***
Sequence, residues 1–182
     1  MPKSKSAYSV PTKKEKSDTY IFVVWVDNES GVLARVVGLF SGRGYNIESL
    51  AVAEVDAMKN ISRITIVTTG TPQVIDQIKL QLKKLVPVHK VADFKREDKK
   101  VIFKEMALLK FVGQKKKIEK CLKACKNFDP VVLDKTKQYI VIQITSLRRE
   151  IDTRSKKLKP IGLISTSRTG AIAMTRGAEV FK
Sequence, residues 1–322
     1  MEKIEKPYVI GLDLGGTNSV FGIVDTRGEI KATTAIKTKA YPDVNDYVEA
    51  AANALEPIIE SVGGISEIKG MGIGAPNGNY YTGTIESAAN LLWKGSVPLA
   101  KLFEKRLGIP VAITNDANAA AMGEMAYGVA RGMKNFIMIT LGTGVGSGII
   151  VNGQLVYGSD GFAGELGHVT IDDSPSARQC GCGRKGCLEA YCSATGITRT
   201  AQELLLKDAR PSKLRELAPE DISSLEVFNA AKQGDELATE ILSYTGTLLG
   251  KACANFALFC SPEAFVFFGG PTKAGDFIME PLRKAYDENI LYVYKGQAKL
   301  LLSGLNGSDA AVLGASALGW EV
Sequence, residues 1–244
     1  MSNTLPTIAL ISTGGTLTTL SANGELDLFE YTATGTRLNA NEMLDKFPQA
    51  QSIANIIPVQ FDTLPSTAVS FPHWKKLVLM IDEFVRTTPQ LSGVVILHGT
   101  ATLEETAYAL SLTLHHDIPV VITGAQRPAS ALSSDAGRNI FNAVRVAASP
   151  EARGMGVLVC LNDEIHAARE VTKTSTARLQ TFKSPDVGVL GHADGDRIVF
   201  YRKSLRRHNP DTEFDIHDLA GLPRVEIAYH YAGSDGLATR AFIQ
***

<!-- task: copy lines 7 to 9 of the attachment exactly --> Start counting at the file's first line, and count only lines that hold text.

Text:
     1  MEKIEKPYVI GLDLGGTNSV FGIVDTRGEI KATTAIKTKA YPDVNDYVEA
    51  AANALEPIIE SVGGISEIKG MGIGAPNGNY YTGTIESAAN LLWKGSVPLA
   101  KLFEKRLGIP VAITNDANAA AMGEMAYGVA RGMKNFIMIT LGTGVGSGII